I recently attended the Sounders Sport Science symposium and one of the presenters mentioned how observational data from Top Sports Lab has indicated that flexibility (or lack of) is a big predictor for injury in soccer. Upon hearing this I was a little surprised. Having worked in a variety of other sports, co-authored 2 peer-reviewed studies (1, 2) on flexibility for sport performance, and done quite a bit of research on flexibility training, I knew that perhaps more so than any other physical quality, flexibility is surrounded by myths and misconceptions. Here’s a short list of those myths:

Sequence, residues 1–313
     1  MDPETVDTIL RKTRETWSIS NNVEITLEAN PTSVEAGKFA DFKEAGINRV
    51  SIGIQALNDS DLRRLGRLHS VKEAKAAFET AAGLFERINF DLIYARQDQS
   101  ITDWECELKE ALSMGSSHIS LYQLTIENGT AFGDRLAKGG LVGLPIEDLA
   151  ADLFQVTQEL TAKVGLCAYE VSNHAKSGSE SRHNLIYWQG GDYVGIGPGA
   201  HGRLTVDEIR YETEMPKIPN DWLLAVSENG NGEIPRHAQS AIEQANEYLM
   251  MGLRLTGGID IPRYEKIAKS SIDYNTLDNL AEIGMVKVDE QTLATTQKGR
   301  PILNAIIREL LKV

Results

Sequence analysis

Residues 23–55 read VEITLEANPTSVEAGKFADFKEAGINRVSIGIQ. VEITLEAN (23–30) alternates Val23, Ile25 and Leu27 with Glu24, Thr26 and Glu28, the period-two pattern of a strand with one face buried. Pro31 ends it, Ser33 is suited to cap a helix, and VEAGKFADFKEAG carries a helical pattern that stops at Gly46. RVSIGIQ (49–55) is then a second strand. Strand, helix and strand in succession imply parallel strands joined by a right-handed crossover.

- Increased flexibility makes you faster and more explosive
- Increased flexibility reduces your likelihood for injury
- Flexibility training reduces lactic acid
- Flexibility training reduces soreness
In several of the cases, the myth isn’t just incorrect, it’s actually the OPPOSITE of what actually happens.
So this got me thinking of how lack of flexibility could actually be an injury correlate in soccer players when it shows almost no positive relation (and in many cases a negative one) in other activities. The answer is quite simple…the pictures tell the whole story.
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